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Sewell, Brian

art critic

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The Evening Standard - United Kingdom | 09/02/2007

William Hogarth's paintings at the Tate Britain, London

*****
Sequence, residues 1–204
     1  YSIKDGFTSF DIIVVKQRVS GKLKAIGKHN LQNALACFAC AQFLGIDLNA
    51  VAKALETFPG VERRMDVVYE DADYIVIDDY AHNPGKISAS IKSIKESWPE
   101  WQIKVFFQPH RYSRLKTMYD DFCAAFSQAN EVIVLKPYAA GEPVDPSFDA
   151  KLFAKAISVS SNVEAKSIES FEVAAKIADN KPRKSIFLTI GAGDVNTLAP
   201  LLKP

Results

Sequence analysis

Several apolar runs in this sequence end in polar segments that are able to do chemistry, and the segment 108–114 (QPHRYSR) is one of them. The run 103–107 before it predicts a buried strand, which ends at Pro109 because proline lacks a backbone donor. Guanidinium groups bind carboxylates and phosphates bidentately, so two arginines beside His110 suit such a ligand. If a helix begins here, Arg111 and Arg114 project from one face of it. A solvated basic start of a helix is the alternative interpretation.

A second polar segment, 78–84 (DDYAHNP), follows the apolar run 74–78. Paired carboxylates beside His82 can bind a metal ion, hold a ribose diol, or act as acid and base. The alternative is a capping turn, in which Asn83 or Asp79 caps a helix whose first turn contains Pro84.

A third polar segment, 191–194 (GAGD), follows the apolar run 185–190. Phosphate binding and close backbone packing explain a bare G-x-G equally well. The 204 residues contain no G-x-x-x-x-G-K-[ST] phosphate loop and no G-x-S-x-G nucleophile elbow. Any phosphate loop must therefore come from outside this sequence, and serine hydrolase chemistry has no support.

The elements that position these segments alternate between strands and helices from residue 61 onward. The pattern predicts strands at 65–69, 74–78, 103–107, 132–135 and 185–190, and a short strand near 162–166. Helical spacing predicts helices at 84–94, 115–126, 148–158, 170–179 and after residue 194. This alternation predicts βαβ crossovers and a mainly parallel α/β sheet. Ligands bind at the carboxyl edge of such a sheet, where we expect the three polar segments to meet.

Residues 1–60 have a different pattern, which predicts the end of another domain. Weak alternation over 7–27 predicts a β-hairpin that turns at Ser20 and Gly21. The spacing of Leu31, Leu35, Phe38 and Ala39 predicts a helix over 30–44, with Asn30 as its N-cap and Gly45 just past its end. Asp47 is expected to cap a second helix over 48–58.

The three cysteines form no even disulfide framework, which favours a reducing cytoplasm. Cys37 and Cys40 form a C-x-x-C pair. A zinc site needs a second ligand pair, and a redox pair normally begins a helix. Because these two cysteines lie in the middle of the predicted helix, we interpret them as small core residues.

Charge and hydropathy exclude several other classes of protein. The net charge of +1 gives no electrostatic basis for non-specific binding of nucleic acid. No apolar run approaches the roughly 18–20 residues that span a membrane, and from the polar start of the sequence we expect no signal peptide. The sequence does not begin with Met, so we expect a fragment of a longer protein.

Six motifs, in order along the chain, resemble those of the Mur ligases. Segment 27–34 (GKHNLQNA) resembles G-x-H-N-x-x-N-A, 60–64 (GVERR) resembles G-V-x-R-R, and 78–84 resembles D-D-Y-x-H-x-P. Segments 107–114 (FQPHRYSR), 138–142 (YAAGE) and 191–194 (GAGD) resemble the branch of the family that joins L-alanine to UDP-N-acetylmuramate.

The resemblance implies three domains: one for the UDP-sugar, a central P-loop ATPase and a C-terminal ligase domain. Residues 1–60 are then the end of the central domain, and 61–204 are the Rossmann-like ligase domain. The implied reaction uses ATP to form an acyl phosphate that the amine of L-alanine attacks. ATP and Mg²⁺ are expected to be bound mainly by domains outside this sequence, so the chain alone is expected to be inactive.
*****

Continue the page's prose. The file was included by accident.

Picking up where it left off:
The art critic Brian Sewell admires the social satire in the work of 18th century painter William Hogarth, on show at the Tate Britain until April 29th. "When Hogarth thundered against corruption, cruelty and decadence in his society, he used art as subtly as a battering ram. He felt intuitively the need for reforms. ... Much of what he saw about him in the London of his day - and he was indeed a Londoner, born in the City, long resident in what is now Leicester Square - roused Hogarth's ire and reforming zeal. ... While the rich grew gluttonously fat, the poor starved, stole and were executed; the mad were imprisoned as sideshows for the sane, the prostitution of both sexes was an organised trade and random and immediate sexual pleasure urgently habitual. ... The moral influence of the Church of England was in deep decline and the parish priest as likely as any man to be caught with his trousers down."

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